Miyazaki The examples which I saw in America, researchers who just seem normal and not really charismatic were starting companies and research that it seemed even I could do was exiting, and this had the largest spillover effect on the surrounding people. I think that in time the same thing will happen in Japan.

Mizunuma There are already an increasing number of IT startups. The employees of IT venture businesses that succeeded often think, "I can do it too" and they go independent and start their own businesses. So, the more success stories there are, the more startups there will be. For bio businesses as well, some of my upper classmates have already started successful companies, so if we make a success of this business, that will inspire other young Ph.D.s to start businesses.

Ichikawa For the development of the overall life sciences industry, it would be best that, in addition to the people taking on the challenge to start businesses, for it to become common for there to be Ph.D.s among the players throughout the entire ecosystem, such as the VCs and university TLOs. To greatly nurture technology, there also needs to be people who understand technology on the side providing the infrastructure for growth.

Miyazaki The environment of researchers in Japan as well as their motivation and values regarding work are gradually changing. It would be very interesting if, going forward, we could increase the mobility of the Ph.D. workforce including people changing to other jobs from large companies.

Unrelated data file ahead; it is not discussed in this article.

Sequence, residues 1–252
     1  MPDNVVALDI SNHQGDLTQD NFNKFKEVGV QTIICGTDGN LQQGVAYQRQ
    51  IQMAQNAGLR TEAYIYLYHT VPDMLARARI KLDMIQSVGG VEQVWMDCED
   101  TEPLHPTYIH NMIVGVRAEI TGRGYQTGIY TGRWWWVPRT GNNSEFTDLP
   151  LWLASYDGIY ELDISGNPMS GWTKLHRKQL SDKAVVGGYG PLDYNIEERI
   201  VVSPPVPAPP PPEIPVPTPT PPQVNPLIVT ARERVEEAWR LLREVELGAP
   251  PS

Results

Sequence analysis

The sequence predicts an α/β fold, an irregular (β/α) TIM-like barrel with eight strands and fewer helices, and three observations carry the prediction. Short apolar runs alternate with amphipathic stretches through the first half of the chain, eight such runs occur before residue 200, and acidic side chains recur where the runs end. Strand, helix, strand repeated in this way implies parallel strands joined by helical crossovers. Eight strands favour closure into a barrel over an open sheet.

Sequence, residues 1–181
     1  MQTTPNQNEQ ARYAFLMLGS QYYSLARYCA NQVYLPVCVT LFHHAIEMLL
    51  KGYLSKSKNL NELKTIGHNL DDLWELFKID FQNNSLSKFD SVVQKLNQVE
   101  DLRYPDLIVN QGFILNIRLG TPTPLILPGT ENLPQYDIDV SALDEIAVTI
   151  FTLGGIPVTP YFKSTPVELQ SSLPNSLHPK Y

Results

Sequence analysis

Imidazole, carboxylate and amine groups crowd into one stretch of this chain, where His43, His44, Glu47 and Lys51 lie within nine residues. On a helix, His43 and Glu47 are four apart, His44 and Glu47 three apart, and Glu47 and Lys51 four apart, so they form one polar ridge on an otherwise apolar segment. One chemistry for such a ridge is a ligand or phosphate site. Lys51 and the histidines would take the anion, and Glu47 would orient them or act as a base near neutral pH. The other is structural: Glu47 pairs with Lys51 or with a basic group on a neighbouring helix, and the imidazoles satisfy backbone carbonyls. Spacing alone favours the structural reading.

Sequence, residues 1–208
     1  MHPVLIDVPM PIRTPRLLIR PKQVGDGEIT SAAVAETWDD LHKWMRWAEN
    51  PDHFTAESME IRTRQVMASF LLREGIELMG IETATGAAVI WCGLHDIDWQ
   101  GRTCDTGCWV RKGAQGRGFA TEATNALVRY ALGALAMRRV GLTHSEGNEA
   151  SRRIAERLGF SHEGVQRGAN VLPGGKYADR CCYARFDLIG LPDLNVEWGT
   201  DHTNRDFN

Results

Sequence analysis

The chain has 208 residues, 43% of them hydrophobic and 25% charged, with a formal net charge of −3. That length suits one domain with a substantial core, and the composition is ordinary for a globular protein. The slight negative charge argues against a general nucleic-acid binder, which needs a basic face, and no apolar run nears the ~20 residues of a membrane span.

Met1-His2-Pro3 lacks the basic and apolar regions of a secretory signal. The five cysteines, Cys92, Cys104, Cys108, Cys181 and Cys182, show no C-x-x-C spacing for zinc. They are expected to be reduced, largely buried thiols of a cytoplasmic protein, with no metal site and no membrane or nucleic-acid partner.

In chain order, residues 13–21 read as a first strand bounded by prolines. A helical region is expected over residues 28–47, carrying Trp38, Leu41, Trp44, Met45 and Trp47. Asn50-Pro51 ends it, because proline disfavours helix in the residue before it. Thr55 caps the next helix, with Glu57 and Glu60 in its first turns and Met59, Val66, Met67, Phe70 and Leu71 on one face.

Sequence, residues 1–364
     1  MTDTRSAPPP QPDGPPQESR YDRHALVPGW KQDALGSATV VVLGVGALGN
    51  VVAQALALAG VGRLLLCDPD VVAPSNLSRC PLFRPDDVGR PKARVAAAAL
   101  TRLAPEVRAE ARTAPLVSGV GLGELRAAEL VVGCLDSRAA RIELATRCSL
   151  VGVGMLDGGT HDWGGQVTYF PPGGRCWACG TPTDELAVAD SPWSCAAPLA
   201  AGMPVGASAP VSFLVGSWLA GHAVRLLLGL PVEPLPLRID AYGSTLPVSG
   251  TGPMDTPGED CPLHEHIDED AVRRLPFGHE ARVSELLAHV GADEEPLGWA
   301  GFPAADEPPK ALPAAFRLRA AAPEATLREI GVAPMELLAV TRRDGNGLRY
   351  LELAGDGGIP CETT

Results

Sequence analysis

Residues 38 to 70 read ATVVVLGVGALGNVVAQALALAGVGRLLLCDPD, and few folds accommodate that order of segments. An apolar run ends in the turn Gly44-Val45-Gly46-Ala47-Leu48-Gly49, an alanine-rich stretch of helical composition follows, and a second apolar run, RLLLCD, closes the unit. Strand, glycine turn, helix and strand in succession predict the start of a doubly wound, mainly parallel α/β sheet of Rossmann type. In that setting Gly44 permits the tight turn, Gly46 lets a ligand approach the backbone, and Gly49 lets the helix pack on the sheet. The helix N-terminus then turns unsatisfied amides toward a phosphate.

mizunuma.pngMika Mizunuma, Ph.D. LINK-J Supporters / COO at Craif, Inc., Founder/Director at Watashikampo

She received a B.A., in pharmaceutical sciences from Kyoto University, and a Ph.D. from the University of Tokyo.
From 2013 to 2014, she worked at AstraZeneca and engaged in new product launch and developing medical strategy. From 2014 to 2017, she worked at McKinsey & Company and engaged in developing new business strategy and product strategy in healthcare field. Afterwards, she founded digital health company, Watashikampo, and launched an online pharmacy service.
She is also a Chief Operating Officer at, leading business development and research of its unique exosome-trapping nanodevice.

ichikawa.pngYuki Ichikawa, Ph.D. Chief Technology Officer (CTO) of Craif Inc. / Visiting Associate Professor, Institutes of Innovation for Future Society, Nagoya University

Received a doctorate from the University of Tokyo Graduate School of Pharmaceutical Sciences. While specializing in and conducting research on chemical biology, also assisting with the implementation of medical technology in developing countries through a US NPO. Joined a foreign pharmaceutical company in July 2013. Served in such roles as MR, company-wide project PMO, and manager of marketing and business planning. After leaving the company in January 2019, participated in Craif Inc.

miyazaki.pngYusuke Miyazaki, Ph.D.Principal of ANRI Inc.

Raised in Osaka Prefecture. After conducting basic research on biology at the Graduate School of Stanford University, at the US subsidiary of a Japanese pharmaceutical company was involved in technology discovery, new business development, and business alliances with overseas companies. Later, after returning to Japan, worked with mainly new businesses in the healthcare sector at a foreign consulting firm. Participated in ANRI in 2018. Oversees mainly investment in bio startups.